Four major highways border the range as well as a number of residential areas. In autumn and winter, as the forage and water diminish, estray horses come down off the range and move into urban areas searching for food and water. Horses near roadways and residential areas can cause car and pedestrian accidents. In recent years, NDA has documented incidences where horses have kicked two girls, where horses have died from vehicle collisions, and two separate incidences when there were two human fatalities as a result of horse/vehicle collisions.  Watch this video from KOLOTV.



What happens to horses that are hit in accidents?

            NDA humanely euthanizes injured horses. Carcasses are removed from areas of concern for public safety reasons, with cooperating agencies depending on location, and when resources and equipment are available.


Are citizen tax dollars used to collect and remove Virginia Range estray horses?

            No general fund money currently is allocated for the management of feral or estray livestock. It is fees paid by Nevada livestock producers that are supporting NDA’s activities associated with the Virginia Range horses.


Is there a management program for the horses?

            The Virginia Range feral/estray horse population can benefit from a proactive management program. Currently, NDA is managing feral livestock to the best of its ability within existing legal and fiscal authorities. NDA’s efforts are focused on protecting public safety, such as removing horses in areas where public safety is of concern.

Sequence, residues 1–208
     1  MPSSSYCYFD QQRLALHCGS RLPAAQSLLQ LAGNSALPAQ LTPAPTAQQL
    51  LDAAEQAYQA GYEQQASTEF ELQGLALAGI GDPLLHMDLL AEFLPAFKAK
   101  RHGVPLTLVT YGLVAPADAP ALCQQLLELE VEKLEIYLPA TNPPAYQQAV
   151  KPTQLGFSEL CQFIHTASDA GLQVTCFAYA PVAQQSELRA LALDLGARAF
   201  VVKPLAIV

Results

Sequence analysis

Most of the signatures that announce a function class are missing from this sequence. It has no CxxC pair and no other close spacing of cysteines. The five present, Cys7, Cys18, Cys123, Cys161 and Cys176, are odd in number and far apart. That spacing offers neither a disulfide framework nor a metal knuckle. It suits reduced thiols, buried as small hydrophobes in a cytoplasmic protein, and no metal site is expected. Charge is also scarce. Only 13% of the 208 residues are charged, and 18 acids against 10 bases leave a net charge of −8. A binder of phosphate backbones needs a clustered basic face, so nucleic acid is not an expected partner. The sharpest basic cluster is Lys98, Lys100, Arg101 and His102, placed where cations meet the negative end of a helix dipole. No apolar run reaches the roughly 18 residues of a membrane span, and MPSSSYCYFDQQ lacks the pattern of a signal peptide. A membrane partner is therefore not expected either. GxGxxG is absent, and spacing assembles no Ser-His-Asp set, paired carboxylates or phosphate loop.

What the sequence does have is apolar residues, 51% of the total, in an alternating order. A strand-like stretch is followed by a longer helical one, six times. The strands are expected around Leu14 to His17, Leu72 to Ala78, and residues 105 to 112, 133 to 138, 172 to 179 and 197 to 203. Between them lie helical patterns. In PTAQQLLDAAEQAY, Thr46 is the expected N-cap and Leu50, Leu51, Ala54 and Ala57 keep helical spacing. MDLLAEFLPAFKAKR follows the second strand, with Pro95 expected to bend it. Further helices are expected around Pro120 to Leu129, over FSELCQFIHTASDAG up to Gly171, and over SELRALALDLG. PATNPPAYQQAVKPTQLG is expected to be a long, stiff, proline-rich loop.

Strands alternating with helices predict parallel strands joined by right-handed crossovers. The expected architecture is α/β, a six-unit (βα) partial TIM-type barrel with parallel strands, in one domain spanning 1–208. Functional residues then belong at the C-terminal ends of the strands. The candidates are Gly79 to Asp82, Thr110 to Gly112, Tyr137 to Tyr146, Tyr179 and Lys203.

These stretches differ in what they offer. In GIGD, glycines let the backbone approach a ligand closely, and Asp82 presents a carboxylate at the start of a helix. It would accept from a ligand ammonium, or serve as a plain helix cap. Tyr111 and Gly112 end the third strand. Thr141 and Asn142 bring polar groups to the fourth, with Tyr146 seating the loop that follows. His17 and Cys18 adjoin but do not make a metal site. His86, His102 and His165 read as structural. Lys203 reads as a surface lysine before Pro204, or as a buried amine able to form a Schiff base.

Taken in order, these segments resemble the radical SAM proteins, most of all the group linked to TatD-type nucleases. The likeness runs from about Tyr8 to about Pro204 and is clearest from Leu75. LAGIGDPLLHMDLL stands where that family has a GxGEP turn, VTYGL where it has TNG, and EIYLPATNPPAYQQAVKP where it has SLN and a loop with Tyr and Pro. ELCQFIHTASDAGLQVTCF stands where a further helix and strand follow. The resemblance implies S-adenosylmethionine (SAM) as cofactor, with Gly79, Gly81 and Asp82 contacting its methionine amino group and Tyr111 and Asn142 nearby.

What happens to the Virginia Range estray horses collected by NDA?

            NDA currently has a signed agreement with Return To Freedom (RTF), a non-profit group that has the option to adopt the horses. If RTF cannot place the horses, the horses may be sold per NRS 569.080 at a public livestock auction. Any member of the public may purchase the livestock.


I’ve heard that Virginia Range estray horses go to slaughter?

            Since March of 2013 NDA has had an agreement with Return To Freedom (RTF), a non-profit horse advocacy group, for RTF to adopt out the horses to interested parties.

            It is possible that the horses could end up for sale at public auction – at which NDA has no authority to determine buying outcomes.


What is the status of the cooperative agreement for the management of the horses?

            NDA issued a Request for Information in 2013 for an entity to help manage the Virginia Range horses, and one group submitted a response. The agreement is being negotiated as of July 2014.


Who can I contact about the horses?

            NDA maintains a horse hotline (775-353-3608) and an email contact:

            Concerns are forwarded to our Agricultural Enforcement Officer for investigation.


    What Can I Do?

    1. Report illegal feeding. Call 775-353-3608 with specific details – date, time, address or location, license plate numbers, and any identifying information. 
    2. Fence out private property. Because horses are attracted to green landscapes, sturdy fencing around such areas can be helpful to keep horses away from urban areas. 
    3. Keep a safe distance from horses. Horses can be unpredictable and can cause serious bodily injuries. 
    4. Drive with extra caution in areas where horses may be located.